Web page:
"It was then admitted by the defendants' counsel that at the time of the issuance of the patent hereinbefore described, the lands therein and in the complaint described were public lands of the United States, subject to sale under the laws of the United States. It was here conceded by defendants' counsel that defendants did not propose to connect themselves in any manner or form with the title of the United States to the premises described in the complaint herein, or any part thereof, either by certificate of purchase, patent, or anything of the kind."
"The plaintiff then rested."
The plaintiff's action rests primarily upon section 7 of the statute of the United States entitled "An act to quiet land titles in California," approved July 23, 1866, 14 Stat. 218, 220. That section, so far as material, reads as follows:
"SEC. 7. And be it further enacted that, where persons in good faith, and for a valuable consideration, have purchased lands of Mexican grantees or assigns, which grants have subsequently been rejected, or where the lands so purchased have been excluded from the final survey of any Mexican grant, and
have used, improved and continued in the actual possession of the same according to the lines of their original purchase, and where no adverse right or title (except of the United States) exists, such purchasers may purchase the same, after having such lands surveyed under existing laws at the minimum price established by law, upon first making proof of the facts as required in this section, under regulations to be provided by the Commissioner of the General Land Office, joint entries being admissible by coterminous proprietors to such an extent as will enable them to adjust their respective boundaries."
To maintain their defense, the defendants then offered in evidence the application made by the plaintiff to purchase the lands from the United States pursuant to the seventh section above quoted. The application and the accompanying papers were offered for the purpose of showing that there had in fact never been any grant from the Mexican government to the Romeros, through whom, as supposed Mexican grantees, the plaintiff below derived his claim, and by reason of which claim he had made application to the land office under the provisions of the seventh section of the above-mentioned act of Congress. The papers offered in evidence by defendants showed that while the country was under Mexican rule, the Romeros had taken proceedings to obtain a grant of lands, which included the land in question, from the Mexican government, and that such proceedings had certainly gone as far as a final decree by the governor providing for the making of a grant asked for, but there was no record evidence of any actual grant's ever having been made. The facts as to the documentary evidence in the case are fully set forth in the report of the case of Romero v. United States, 1 Wall. 721.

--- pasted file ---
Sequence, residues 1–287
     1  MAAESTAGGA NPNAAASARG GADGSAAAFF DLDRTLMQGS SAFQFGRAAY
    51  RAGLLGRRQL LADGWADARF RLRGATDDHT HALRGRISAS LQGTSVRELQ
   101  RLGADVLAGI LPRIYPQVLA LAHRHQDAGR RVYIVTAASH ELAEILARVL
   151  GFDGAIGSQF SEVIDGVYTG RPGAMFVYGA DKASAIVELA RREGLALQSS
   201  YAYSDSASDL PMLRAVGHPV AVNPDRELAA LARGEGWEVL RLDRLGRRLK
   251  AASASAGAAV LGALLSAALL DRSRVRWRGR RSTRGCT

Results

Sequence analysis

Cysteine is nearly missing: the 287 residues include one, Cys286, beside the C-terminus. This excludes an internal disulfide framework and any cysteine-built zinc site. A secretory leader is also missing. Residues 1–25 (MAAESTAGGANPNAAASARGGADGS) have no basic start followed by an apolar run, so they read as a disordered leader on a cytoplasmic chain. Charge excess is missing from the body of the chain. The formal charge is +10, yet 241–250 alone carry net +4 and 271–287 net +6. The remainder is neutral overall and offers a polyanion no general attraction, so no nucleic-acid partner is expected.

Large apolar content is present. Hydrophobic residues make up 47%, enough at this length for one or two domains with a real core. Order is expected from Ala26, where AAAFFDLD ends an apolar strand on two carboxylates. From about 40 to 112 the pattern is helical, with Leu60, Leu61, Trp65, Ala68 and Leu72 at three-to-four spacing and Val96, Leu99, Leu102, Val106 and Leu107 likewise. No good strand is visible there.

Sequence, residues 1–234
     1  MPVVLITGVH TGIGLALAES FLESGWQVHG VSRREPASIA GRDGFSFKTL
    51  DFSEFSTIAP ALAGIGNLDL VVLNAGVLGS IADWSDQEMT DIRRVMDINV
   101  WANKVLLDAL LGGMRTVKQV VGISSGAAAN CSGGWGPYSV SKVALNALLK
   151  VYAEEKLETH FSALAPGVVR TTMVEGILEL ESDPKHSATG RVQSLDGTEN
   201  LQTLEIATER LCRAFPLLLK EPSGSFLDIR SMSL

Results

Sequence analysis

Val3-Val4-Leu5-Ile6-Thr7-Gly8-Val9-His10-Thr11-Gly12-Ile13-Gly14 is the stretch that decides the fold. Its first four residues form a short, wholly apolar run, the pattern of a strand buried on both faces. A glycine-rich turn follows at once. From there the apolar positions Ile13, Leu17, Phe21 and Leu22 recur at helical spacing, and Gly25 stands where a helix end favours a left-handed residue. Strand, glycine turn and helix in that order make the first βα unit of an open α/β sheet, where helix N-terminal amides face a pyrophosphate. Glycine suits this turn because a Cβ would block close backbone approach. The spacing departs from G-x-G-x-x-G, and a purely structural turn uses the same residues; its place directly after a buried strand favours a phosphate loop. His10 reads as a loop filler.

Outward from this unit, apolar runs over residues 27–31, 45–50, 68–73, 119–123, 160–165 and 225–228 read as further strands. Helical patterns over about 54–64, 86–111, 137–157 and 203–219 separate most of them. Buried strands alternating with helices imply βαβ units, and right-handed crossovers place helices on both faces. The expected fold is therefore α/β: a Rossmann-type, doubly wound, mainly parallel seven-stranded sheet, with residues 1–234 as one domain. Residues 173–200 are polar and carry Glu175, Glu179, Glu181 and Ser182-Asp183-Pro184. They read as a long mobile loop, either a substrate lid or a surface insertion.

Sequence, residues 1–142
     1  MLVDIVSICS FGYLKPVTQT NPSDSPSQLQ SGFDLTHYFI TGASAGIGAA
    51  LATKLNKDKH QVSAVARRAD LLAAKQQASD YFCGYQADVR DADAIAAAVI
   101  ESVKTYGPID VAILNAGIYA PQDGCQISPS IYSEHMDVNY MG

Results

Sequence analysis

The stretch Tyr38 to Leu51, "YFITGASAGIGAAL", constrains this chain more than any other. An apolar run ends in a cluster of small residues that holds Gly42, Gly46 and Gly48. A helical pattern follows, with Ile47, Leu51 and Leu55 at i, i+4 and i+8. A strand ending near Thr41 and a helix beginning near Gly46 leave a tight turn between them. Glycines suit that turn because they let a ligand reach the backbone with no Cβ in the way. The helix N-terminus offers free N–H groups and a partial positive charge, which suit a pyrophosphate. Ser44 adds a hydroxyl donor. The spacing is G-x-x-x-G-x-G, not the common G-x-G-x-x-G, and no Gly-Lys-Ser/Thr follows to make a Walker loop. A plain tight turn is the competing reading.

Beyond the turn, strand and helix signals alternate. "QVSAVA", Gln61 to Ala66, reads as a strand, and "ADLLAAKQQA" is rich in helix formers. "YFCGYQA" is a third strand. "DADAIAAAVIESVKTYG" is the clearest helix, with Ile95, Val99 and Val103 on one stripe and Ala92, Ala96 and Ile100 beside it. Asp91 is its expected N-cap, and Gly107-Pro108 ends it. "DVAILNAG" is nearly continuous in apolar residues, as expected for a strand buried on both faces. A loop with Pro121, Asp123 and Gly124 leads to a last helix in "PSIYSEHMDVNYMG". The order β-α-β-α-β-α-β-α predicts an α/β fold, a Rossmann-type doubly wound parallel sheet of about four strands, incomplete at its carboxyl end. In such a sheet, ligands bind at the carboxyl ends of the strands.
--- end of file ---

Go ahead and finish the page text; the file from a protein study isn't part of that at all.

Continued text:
The evidence so offered by defendants was objected to on the part of the plaintiff as immaterial, incompetent, and irrelevant for the purpose of affecting the validity of the patent under which the plaintiff claimed title to the lands in question. The court sustained the objection, and the defendants duly excepted. Thereupon the defendants rested, and the court ordered judgment to be entered in favor of the plaintiff and chanroblesvirtualawlibrary
against the defendants for a recovery of the land in accordance with the prayer of the complaint. This judgment was affirmed by the United States Circuit Court of Appeals for the Ninth Circuit, 73 F.1d 0, and the case is brought here for review.